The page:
When selected for the second Test, Panesar admitted he felt the pressure. “I knew I had to be at my best, so my self-belief had to be high. I had to have that mindset where I don’t take things for granted but I commit to my processes,” said Panesar. “For instance, when I bowled that ball to Sachin (Tendulkar) which bowled him, the previous ball was a short ball, so when I was walking back I was thinking: ‘Get my mind right. How is my breathing?’ All these things are on the checklist in my mind I was ticking off. It was like I was doing a service on me.”
I find this quite a helpful way to think about following in a social dance. It can very easily seem as though the leader is the only person with any real control over what's happening. But in fact, even with very little experience, you do have a lot of control over your own dance. You can deliberately cultivate things like calm, balance, a good axis, and a good level of concentration, right from the start, and they can make the dance go a lot better even if the leader is all at sea.
For instance. I remember, oh about four years ago, dancing with a young man who had just learned that he could do fast and complicated stuff with his feet. So overexcited did he become, that he tripped himself up, and almost threw us both into the DJ. I gained a lot of confidence from the discovery that I could rescue that situation - in high heels - and keep both of us upright and dancing, hardly missing a beat, although he would have made two of me sideways. It must have looked hilarious, but it's most unlikely anyone noticed.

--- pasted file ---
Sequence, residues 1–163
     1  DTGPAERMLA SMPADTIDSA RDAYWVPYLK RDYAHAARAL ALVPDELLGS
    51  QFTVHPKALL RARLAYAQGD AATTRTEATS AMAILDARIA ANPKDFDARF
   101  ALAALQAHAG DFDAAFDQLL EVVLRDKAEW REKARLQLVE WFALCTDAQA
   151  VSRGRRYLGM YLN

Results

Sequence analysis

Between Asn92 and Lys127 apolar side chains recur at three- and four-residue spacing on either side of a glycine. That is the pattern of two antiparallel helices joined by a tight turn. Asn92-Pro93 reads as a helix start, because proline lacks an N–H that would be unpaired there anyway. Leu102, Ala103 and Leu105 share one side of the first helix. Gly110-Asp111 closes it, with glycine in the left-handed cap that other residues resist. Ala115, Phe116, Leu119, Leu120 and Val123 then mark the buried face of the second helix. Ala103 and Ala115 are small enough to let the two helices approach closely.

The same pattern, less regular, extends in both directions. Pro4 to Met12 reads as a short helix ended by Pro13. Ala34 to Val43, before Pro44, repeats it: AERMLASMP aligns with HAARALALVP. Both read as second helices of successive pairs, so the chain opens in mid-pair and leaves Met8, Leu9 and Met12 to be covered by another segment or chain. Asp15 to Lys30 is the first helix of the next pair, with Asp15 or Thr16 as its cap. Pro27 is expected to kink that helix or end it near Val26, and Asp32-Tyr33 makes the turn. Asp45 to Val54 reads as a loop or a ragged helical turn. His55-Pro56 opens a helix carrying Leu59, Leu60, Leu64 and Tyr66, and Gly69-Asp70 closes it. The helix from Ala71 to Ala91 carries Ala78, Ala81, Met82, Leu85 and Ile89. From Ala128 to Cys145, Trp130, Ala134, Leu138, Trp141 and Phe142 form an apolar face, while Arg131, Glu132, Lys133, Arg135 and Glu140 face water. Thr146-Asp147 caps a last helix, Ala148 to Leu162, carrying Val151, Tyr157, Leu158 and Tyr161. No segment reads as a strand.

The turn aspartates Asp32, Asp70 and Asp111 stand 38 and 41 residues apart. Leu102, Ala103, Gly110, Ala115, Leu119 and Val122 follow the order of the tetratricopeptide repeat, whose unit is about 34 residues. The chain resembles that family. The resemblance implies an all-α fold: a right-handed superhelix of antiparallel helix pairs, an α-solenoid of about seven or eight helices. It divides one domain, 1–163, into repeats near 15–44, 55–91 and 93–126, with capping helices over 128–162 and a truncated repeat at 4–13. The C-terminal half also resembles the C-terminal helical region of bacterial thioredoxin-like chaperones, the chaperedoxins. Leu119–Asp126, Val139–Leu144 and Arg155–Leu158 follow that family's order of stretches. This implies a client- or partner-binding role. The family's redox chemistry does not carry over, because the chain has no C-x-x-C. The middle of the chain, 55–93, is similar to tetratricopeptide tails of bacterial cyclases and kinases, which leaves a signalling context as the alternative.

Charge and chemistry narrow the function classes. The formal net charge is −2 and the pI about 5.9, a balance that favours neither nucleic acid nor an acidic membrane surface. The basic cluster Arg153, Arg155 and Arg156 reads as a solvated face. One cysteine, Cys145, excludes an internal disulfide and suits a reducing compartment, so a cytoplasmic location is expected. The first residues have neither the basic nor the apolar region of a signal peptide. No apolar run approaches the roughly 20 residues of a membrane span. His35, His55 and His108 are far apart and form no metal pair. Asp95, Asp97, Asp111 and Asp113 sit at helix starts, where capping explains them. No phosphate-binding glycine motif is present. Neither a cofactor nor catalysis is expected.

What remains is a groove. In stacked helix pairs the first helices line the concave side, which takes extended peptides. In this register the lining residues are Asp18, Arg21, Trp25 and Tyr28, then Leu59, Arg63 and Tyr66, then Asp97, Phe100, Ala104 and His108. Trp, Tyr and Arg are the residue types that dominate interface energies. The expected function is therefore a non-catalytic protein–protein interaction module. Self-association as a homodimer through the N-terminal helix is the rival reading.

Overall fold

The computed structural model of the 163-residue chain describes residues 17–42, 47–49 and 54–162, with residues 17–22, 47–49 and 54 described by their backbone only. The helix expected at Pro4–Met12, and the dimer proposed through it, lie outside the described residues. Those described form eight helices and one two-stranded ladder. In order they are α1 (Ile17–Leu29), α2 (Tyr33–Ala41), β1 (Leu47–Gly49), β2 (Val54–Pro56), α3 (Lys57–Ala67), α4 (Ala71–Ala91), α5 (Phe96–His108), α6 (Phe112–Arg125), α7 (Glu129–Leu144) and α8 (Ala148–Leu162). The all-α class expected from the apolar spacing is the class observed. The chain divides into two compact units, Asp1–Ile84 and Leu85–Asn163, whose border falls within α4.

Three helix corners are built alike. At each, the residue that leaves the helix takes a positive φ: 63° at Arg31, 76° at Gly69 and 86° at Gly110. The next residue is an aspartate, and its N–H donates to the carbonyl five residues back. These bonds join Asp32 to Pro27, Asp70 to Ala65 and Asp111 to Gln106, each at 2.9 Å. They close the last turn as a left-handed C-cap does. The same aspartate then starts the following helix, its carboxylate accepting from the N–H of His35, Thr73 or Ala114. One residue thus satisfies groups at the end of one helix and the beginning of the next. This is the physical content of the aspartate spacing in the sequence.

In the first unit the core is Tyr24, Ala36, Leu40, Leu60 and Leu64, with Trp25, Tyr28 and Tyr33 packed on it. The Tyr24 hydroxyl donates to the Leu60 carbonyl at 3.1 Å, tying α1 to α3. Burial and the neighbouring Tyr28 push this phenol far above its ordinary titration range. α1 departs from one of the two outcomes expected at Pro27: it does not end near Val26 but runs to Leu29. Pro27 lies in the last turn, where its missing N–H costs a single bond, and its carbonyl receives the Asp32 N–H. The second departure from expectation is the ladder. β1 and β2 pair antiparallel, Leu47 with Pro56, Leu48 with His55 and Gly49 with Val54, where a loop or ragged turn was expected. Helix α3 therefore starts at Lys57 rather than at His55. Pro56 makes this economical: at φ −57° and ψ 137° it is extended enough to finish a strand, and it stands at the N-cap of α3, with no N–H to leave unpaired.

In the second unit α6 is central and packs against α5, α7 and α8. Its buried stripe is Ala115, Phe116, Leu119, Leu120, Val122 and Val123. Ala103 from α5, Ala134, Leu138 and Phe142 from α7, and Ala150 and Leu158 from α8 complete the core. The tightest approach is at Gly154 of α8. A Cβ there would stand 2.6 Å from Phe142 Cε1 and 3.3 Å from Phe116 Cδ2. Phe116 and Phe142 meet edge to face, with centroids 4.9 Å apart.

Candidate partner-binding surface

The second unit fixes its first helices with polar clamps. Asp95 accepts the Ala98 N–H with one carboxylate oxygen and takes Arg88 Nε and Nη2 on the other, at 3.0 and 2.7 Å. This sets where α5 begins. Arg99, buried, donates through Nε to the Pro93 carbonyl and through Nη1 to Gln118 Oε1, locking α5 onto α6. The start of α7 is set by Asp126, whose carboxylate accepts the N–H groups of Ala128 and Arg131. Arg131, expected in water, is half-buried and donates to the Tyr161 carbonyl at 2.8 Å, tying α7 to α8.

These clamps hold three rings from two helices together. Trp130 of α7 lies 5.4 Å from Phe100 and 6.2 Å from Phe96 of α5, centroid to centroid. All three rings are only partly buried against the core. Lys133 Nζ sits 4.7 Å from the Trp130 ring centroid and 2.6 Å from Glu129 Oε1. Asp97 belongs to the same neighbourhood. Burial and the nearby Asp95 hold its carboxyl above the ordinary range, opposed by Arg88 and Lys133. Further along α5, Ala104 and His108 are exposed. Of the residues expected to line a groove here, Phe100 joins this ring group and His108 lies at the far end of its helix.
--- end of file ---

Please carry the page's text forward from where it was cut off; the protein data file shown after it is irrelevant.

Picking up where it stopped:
As you get better at it, and you lose stiffness and improve your connection, things like tension or balance problems or miscellaneous off-ness from your partner tend to affect you more rather than less - they become a lot more painful and disturbing - and mostly you just avoid those situations, which wouldn't have bothered you before. But I still benefit from finding ways to make sure that I dance well, even when the partnership isn't quite working as intended.
At the festival I went to last week, I actually thought about the interview with Monty, and when I was having minor troubles I said to myself "what's my process?" Straighten the neck, breathe, plug the mind in. Commit to my processes, and don't worry about the other stuff. Virtually all the dances I had were great. And the one or two that gave me problems, didn't mess up the next one. So that went well.
Cricket information for Americans and others:
A short ball, in this context, is one that went a bit wrong. In other situations, a short ball might be right.
The ball to Tendulkar went perfectly. To bowl Sachin Tendulkar is a thing to be wished.